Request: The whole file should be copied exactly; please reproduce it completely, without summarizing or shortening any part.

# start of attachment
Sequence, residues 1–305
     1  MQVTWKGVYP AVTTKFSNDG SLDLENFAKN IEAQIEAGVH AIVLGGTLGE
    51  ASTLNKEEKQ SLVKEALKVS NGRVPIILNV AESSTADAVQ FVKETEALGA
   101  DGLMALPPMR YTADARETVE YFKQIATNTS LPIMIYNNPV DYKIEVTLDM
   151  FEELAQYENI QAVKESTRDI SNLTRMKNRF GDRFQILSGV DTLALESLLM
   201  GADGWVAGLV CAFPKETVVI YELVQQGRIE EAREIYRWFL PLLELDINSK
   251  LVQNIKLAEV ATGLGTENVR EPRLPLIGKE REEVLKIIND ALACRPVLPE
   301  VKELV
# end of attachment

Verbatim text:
Sequence, residues 1–305
     1  MQVTWKGVYP AVTTKFSNDG SLDLENFAKN IEAQIEAGVH AIVLGGTLGE
    51  ASTLNKEEKQ SLVKEALKVS NGRVPIILNV AESSTADAVQ FVKETEALGA
   101  DGLMALPPMR YTADARETVE YFKQIATNTS LPIMIYNNPV DYKIEVTLDM
   151  FEELAQYENI QAVKESTRDI SNLTRMKNRF GDRFQILSGV DTLALESLLM
   201  GADGWVAGLV CAFPKETVVI YELVQQGRIE EAREIYRWFL PLLELDINSK
   251  LVQNIKLAEV ATGLGTENVR EPRLPLIGKE REEVLKIIND ALACRPVLPE
   301  VKELV